The winning supplier from beyond the great water is LMC. The largest, most efficient and most dedicated to research and development. I am impressed with the organization, practice and class of this group - especially the practice in selling its products. This one makes a great impression. LMC got F35, Himars, various types of rockets and in my opinion 60-70% of purchases of our Armed Forces from the USA. About 15-25% has Raythenon, as long as the second phase of Wisła is with its main share, 5-10% is for NG. VIP airplanes should not be included in the modernization of the Armed Forces in my opinion. Heavy-lift helicopter remains. We'll see what will turn out here - whether Bell or the manufacturer 737Max.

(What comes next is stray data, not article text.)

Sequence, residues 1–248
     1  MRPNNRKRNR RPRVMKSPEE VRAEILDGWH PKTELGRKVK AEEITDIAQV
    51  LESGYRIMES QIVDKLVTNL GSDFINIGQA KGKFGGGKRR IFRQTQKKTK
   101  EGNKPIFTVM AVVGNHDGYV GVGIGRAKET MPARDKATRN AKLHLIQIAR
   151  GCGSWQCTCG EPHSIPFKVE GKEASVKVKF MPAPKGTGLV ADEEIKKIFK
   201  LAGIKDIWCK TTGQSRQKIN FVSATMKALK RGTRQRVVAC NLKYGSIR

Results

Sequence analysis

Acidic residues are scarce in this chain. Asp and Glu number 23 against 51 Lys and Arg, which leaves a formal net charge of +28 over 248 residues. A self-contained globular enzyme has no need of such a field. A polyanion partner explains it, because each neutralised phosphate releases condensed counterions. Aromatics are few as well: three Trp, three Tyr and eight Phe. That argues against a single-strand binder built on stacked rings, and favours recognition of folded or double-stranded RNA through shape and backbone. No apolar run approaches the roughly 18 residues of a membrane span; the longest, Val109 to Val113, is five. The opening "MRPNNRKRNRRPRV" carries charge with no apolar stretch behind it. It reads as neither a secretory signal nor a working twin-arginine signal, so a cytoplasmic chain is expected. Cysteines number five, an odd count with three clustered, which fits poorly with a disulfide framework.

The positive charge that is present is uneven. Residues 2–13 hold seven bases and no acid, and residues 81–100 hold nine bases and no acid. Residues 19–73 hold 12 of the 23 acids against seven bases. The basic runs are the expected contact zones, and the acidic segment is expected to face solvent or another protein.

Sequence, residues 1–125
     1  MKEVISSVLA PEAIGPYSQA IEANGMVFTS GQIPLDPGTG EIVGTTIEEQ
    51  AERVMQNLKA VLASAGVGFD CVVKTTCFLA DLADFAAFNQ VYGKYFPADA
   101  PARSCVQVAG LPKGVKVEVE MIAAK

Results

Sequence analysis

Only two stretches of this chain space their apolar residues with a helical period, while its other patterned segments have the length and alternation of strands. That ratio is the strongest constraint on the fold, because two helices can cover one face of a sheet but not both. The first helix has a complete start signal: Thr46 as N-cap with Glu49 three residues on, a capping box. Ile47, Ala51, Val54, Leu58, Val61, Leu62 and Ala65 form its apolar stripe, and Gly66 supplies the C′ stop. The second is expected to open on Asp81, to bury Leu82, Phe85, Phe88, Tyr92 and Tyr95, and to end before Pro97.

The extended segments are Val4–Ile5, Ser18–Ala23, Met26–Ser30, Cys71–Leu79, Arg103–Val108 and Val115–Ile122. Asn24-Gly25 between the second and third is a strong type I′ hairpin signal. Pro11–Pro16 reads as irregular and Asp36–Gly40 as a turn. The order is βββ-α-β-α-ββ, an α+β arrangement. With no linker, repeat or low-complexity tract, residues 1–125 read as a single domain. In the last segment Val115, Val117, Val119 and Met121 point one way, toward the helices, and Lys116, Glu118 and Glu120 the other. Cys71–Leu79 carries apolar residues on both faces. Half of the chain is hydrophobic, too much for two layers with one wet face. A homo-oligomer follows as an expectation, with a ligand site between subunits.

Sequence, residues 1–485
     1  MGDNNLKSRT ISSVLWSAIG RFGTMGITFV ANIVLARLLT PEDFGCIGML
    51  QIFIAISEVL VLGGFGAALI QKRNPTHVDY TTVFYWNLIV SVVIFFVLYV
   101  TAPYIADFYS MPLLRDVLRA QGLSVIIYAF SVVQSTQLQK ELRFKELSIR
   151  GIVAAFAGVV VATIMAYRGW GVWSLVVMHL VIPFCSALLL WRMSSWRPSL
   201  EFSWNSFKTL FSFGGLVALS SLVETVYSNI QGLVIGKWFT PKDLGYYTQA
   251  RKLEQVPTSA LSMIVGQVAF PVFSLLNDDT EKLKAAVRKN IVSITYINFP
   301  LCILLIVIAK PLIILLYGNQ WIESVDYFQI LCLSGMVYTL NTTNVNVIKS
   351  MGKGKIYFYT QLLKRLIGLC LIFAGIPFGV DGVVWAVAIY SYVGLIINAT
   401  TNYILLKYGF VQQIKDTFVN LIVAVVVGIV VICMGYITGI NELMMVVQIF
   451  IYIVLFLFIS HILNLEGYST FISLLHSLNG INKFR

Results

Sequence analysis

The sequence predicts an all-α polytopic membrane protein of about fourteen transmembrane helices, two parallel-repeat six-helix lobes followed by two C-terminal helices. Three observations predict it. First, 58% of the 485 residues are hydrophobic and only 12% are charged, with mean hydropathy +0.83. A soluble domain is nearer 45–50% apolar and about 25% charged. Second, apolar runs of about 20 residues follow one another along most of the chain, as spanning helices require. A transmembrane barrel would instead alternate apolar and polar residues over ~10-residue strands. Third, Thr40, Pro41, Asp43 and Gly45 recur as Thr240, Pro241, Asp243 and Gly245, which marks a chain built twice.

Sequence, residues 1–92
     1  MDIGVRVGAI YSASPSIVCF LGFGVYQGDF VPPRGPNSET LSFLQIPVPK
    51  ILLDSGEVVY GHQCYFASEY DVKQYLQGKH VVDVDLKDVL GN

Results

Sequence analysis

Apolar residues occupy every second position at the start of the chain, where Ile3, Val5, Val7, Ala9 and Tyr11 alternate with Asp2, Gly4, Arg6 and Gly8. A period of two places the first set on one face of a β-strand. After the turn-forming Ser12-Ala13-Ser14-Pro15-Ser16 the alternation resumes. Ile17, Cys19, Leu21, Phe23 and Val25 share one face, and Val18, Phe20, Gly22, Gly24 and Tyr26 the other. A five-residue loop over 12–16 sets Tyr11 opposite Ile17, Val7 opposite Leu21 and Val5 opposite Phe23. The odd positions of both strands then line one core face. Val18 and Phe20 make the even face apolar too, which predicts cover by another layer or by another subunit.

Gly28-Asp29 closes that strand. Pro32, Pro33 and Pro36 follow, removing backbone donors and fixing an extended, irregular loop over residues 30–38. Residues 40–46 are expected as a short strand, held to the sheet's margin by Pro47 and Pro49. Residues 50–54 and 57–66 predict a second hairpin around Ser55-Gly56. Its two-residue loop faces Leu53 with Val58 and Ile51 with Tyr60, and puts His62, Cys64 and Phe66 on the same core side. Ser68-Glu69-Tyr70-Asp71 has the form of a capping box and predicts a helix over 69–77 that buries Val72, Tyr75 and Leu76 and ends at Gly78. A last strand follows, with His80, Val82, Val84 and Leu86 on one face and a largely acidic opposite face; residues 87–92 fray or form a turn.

A discussion swept through the media about the cost of buying a fifth generation fighter. Some have expressed the view that as a close ally of the US, we will get planes quickly and cheaply. Nothing could be more wrong. It will be expensive and even very expensive. The defense24 website describes a Belgian acquisition with a slight suggestion that we might get a similar price - about USD 125 million per item. Unfortunately not. In Belgium, LMC competed with Rafalel, Eurothyphoon and the American F-18. It was forced to present a good, competitive offer and include Belgian companies in the supply chain. In Poland, however, it does not have to compete with anyone. On our knees we are begging the Americans to sell us the F35 and we will pay every price. And we want it fast, preferably a contract before the elections, and if not a contract, at least a letter of intent, necessarily signed in front of the cameras. While experienced players from LMC can agree to provide in the contract a price comparable with the Belgian one - political reasons - we will pay double or triple for the armament, logistics package etc. And in the contract they will introduce an order to buy everything from them, special procedures in the USA, etc. So, if independent (cheaper) manufacturers of bombs etc. for F 35 appear, and they appear with the increase in sales, we will not be able to buy from them the cheaper equipment. The situation will be similar to that of F16. Industrial cooperation will be tiny and probably unfortunately wasteful. It will be good if LMC increases orders from companies they work well with - and there are one or two in the our state defense industry. And it's not even about entering the supply chain of F 35, but about some manufacture for LMC in general. Well, maybe they will increase purchases in their own factories located in Poland, which will not be so bad.